Giving a talk on the Scholarship of Teaching and Learning (SoTL) and Lasallian Higher Education, IALU Forum 2013
Giving a talk on the Scholarship of Teaching and Learning (SoTL) and Lasallian Higher Education, IALU Forum 2013

20131026_175835Aside from experiencing the presence of God in and through everything I have mentioned above, I was also enabled to spend time with God in worship services (I was able to attend 5 in 15 days!), and in silent conversation when I’m alone, including special quiet time at St. Malachy’s (also known as the Actors’ Chapel) on Broadway. That chapel is an oasis amid the hustle and bustle of Broadway, and I will never forget it.

Altar in St. Malachy's Chapel dedicated to the Sacred Heart of Jesus
Altar in St. Malachy’s Chapel dedicated to the Sacred Heart of Jesus

What a truly wonderful time with God, with friends, and with beautiful and enduring creations!

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Mexico City First Impressions

Arrived in Mexico City at 6:20 am, after almost 24 hours of air travel and waiting in airports. On the way to my hotel, while stuck in traffic, I was intrigued by the many sculptures and monuments along the Paseo de la Reforma, including this one.

Monument at the Glorieta Peralvilla, where the yearly procession to the Basilica of Our Lady of Guadalupe begins.
Monument at the Glorieta Peralvilla, where the yearly procession to the Basilica of Our Lady of Guadalupe begins.

The Paseo de la Reforma is a long and wide avenue running through Mexico City, patterned upon the Champs-Elysees and other grand boulevards in Europe.

What I like about it are the monuments and sculptures throughout the avenue (and the city actually). Foremost among these would be the Monumento a la Independencia (nicknamed El Angel because of the 22-feet statue of Nike, the winged goddess of victory, on top of the column), around which Mexicans congregate during World Cup victories.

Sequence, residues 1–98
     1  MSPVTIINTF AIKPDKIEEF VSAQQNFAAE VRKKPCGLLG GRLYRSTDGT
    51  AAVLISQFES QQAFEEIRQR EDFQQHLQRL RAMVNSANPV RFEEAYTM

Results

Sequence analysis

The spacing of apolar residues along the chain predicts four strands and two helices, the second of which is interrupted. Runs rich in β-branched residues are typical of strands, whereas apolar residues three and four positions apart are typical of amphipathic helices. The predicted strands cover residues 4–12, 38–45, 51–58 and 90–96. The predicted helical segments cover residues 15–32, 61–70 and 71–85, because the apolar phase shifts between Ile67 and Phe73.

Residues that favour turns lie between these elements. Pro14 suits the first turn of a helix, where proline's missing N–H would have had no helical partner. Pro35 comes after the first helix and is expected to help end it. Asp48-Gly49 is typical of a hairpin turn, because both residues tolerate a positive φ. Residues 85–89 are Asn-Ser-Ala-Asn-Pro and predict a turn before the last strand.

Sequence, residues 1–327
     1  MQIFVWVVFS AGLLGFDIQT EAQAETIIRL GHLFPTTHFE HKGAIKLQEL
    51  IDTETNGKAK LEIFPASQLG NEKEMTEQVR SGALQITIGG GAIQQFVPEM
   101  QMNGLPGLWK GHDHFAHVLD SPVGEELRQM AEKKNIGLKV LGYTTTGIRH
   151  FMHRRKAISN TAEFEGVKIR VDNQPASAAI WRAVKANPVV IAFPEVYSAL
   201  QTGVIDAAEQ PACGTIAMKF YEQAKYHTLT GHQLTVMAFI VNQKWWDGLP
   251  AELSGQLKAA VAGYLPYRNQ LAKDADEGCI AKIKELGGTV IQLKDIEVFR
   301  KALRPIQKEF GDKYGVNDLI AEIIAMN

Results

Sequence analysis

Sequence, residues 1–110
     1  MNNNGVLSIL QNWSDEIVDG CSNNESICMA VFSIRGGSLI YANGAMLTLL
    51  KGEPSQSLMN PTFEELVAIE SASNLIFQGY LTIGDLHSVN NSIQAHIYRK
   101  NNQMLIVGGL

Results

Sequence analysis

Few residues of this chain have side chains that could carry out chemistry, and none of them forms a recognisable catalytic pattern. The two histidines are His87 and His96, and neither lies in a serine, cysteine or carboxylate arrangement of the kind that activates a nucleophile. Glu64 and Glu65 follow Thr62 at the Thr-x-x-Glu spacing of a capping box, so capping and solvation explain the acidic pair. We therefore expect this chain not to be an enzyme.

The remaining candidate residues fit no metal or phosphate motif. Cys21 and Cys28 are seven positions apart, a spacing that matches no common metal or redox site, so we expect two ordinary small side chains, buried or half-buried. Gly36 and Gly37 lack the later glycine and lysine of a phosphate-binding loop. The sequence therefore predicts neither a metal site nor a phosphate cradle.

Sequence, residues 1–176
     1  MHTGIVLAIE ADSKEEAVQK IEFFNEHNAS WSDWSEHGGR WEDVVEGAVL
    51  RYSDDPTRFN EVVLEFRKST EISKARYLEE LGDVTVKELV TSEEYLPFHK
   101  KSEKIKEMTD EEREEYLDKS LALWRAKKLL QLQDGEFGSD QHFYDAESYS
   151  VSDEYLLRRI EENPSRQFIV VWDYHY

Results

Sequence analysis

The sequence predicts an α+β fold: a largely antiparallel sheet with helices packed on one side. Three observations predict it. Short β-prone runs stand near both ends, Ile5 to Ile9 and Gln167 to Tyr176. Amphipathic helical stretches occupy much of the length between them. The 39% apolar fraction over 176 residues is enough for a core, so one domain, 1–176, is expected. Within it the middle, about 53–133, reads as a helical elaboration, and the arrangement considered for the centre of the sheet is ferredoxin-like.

The Monumento a la Independencia, with a modern sculpture in the foreground.
The Monumento a la Independencia, with a modern sculpture in the foreground.
Monumento a la Independencia (detail). Can you see the people below the statue of Winged Victory?
Monumento a la Independencia (detail). Can you see the people below the statue of Winged Victory?

Next in prominence would be the statue of Cuauhtemoc, the 25-year-old ruler of the Aztec triple alliance, who fought against the Spanish invaders in 1521. He reminds me of Datu Lapu-Lapu, the first Philippine hero, who also fought against the Spanish invaders in 1521. Unlike Lapu-Lapu, who defeated Fernando Magellan in the Battle of Mactan, Cuauhtemoc lost to Hernando Cortez and was tortured to death.

Monument to Cuauhtemoc, possibly the first Mexican hero
Monument to Cuauhtemoc, possibly the first Mexican hero

Mexico City’s Centro Historico and its environs remind me of the major cities of Europe, what with Gothic, Baroque, and Neoclassical buildings all over, such as the Palacio de Bellas Artes (Neoclassical, Art Nouveau) and the Metropolitan Cathedral (Baroque, Gothic).

Palacio de Bellas Artes and Palacio del Correo
Palacio de Bellas Artes and Palacio del Correo
Museo de Bellas Artes (detail)
Museo de Bellas Artes (detail)

There are also lots of modern sculptures and buildings all over the city, such at these:

El Caballito, in front of the Torre del Caballito
El Caballito, in front of the Torre del Caballito
Cards
Cards
Museo Soumaya, which contains a lot of sculptures by Rodin
Museo Soumaya, which contains a lot of sculptures by Rodin

This afternoon, we are going to Cuernavaca for the IALU conference, but when I come back to Mexico City, I will take a closer look at the beauty of these edifices, since I’ve always loved the medieval, Rennaisance, and neoclassical cathedrals and buildings of Europe. But I also look forward to visiting the ruins of the Aztec empire in the city, as well as Teotihuacan.